Closer by Committee

31 03 2011

Closer by committee, a highly used term, is a terrible misnomer.  I get that people people like alliteration, but an actual closer by committee would have to involve 3-15 pitchers standing on the mound at the same time, using Robert’s Rules of Order to determine which pitch to throw.  The ninth inning would take hours to play, as committee members jostle for positioning, form coalitions, file motions, second motions, debate, vote on cloture, file amendments, debate amendments, file motions to limit debate on amendments, etc.

I think every team should go closer by committee.

Link of the Day (Month? Year? Bueller?)

30 12 2010

Derek Jeter’s New Contract

18 11 2010

Derek Jeter just signed a five 5-year, 450 million dollar contract extension with the Yankees, plus performance bonuses.  For each season Jeter fields at least fifteen ground balls, he earns an addition $20M.  If he reaches 50 hits in a season, he earns $1M, then an additional $1M for each hit beyond the 50th.  If selected by fans to appear in an all-star game, he earns $5B, plus another $5B if he plays in the all-star game.  If the Yankees make the playoffs, Jeter becomes owner of the Yankees, and also becomes owner of any team the Yankees defeat in the playoffs.  And if the Yankees win the World Series, Jeter becomes President of Earth.

When reached for comment, Yankees fans said, in unison, “It’s Derek Jeter.  Pay him whatever he wants.”

Football Endgames

12 11 2010

Football coaches don’t think nearly enough about the amount of time they’re leaving on the clock when they score near the end of halves.  Time left on the clock is something they have a lot of control over.  And it has a considerable effect on the result of the game.  And yet, it seems like coaches bungle these decisions even more often than when deciding whether to go for it on 4th down.

For example, suppose a team trails by 5 with first and goal at their opponents’ 1-yard line and 0:50 left on the clock, their opponent having three timeouts.  Consider the result of three outcomes:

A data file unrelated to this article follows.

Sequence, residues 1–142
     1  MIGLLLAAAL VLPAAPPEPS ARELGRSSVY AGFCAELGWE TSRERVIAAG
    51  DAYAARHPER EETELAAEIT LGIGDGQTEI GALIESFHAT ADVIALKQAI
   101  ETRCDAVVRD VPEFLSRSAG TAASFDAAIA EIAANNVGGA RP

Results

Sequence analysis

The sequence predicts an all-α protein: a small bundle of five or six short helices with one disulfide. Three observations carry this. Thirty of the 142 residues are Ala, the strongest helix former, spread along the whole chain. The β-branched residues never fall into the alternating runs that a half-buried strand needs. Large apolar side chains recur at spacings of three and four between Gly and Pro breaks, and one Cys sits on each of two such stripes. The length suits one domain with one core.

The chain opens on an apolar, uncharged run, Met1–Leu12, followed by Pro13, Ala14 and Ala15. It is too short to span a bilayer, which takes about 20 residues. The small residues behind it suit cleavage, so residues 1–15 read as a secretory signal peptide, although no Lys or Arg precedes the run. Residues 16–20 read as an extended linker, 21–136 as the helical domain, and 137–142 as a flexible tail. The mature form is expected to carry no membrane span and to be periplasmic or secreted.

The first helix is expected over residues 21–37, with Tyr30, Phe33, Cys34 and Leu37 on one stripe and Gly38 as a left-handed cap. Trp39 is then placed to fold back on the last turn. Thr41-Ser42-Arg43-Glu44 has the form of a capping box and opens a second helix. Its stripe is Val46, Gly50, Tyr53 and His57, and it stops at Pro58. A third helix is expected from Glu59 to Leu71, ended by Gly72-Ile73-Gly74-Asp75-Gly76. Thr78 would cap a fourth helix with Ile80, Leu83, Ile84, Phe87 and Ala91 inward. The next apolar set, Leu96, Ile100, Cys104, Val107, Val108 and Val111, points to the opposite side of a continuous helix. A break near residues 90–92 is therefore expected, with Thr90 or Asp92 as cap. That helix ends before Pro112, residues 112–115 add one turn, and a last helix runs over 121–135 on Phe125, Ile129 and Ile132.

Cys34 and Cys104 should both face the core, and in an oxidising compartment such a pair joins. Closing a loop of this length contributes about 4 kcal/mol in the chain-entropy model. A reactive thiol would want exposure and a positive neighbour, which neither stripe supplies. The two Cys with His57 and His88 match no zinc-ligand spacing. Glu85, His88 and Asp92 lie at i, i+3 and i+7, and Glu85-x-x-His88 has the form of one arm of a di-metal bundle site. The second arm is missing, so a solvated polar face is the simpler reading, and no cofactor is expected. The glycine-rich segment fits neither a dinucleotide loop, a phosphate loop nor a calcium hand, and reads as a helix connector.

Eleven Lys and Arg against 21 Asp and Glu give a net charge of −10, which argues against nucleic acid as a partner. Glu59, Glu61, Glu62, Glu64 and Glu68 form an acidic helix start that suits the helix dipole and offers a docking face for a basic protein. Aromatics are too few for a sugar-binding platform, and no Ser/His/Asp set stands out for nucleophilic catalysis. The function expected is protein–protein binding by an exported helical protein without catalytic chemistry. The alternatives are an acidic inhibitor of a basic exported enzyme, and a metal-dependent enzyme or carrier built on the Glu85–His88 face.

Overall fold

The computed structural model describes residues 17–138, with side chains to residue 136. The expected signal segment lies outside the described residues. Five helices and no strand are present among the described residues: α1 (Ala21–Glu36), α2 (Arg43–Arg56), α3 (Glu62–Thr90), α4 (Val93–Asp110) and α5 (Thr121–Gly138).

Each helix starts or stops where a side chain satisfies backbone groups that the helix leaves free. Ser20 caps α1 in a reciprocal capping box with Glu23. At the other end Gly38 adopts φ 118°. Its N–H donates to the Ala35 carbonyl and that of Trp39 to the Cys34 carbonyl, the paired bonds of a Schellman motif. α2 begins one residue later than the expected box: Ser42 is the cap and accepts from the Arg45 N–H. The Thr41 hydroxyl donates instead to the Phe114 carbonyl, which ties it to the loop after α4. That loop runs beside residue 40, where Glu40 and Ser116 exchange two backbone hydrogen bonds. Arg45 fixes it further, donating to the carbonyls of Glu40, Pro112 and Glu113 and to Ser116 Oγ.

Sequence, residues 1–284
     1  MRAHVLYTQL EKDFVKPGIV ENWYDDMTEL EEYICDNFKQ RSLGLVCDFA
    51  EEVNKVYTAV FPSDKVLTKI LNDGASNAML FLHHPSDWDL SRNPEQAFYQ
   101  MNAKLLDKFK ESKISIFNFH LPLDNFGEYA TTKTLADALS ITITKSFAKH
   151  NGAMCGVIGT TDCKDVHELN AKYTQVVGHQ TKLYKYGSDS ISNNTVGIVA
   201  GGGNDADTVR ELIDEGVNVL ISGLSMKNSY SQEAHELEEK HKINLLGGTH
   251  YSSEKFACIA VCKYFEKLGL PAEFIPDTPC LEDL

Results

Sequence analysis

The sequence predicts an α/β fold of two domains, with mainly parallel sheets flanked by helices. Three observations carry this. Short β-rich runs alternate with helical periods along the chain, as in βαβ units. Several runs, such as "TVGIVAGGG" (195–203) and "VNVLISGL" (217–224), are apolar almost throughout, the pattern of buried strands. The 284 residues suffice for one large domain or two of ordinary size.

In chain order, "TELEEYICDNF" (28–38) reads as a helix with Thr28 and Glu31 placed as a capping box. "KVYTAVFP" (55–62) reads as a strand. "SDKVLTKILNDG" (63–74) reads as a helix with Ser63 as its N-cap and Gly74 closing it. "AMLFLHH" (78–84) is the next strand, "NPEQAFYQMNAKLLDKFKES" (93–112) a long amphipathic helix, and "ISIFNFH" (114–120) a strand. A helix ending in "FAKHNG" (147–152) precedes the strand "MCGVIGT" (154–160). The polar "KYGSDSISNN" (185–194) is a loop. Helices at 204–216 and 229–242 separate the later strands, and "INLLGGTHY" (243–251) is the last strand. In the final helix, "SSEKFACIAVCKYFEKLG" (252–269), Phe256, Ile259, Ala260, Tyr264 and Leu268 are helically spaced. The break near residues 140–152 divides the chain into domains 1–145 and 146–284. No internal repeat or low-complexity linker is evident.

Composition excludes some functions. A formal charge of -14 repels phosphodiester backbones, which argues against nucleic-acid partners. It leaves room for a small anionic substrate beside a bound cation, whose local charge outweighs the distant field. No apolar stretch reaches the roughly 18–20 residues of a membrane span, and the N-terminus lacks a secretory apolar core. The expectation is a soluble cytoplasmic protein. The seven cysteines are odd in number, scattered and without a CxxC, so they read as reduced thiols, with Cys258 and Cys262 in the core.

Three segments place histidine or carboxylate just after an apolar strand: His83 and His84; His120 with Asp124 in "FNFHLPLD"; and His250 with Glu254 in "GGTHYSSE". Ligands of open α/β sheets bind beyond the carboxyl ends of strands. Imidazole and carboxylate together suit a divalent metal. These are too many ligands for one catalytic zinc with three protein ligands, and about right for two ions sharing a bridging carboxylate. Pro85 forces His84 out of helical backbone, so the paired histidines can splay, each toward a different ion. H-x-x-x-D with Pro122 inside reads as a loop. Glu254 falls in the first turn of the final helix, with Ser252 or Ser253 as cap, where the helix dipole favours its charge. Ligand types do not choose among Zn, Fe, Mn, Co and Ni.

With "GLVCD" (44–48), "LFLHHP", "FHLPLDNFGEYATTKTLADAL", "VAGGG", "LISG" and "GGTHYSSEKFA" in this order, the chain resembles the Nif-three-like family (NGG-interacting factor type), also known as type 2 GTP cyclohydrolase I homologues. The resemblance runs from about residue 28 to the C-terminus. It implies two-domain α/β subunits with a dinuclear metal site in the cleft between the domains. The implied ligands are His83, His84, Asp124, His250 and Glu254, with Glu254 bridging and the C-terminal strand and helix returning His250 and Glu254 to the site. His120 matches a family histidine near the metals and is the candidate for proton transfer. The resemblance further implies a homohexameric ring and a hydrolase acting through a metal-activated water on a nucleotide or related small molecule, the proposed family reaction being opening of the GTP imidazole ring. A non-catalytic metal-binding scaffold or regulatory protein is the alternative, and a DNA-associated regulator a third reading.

1. The team scores a touchdown on first down, leaving their opponent 0:47 and three timeouts.
  2. The team scores a touchdown on second down, leaving their opponent 0:42 and two timeouts.
  3. The team scores a touchdown on third down, leaving their opponent 0:35 and one timeout.
  4. The team scores a touchdown on fourth down, leaving their opponent 0:30 and zero timeouts.
  5. The team turns the ball over.

For each of these scenarios, you can estimate the team’s expectation of winning, based on the skill of their defense and the opponent’s offense.  For scenario 5, their expectation is zero, or very close to zero.  For scenario 1, their expectation may be as low as 0.3.  For scenarios 3 and 4, their expectation will be much higher, even assuming their opponent’s ability to move the ball.

Any yet, you never see a team in this situation call a running play that’s designed not to score.  They always try to score immediately, then seem overjoyed when they hand the ball–and the game–back to their opponent.  While the specific example above may not happen often, the thinking applies any time a game is close at the end of a half.  Teams should be thinking both about how many points they’re trying to score, and how much time they’re leaving on the clock, as both are significant determinants of the final score of the game

I can think of explanation why coaches do this.  There’s the classic risk aversion argument used to explain coaches’ timidity on fourth down.  Furthermore, there’s a certain gamesmanship going on; it looks bad when a coach is looking the game and appears to be not trying hard to score.  Players themselves may resist the idea of running plays designed not to score points but rather to run off the clock.  But there are a lot of game swung by teams leaving their opponents too much time on the clock.

Identity of Hurricane Kawasaki Revealed

27 04 2010